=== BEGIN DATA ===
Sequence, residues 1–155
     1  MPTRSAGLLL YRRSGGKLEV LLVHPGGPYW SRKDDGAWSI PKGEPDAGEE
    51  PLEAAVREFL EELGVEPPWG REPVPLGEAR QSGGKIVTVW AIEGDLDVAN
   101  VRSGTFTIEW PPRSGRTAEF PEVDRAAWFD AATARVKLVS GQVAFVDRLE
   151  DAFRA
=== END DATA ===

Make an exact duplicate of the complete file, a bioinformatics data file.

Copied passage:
Sequence, residues 1–155
     1  MPTRSAGLLL YRRSGGKLEV LLVHPGGPYW SRKDDGAWSI PKGEPDAGEE
    51  PLEAAVREFL EELGVEPPWG REPVPLGEAR QSGGKIVTVW AIEGDLDVAN
   101  VRSGTFTIEW PPRSGRTAEF PEVDRAAWFD AATARVKLVS GQVAFVDRLE
   151  DAFRA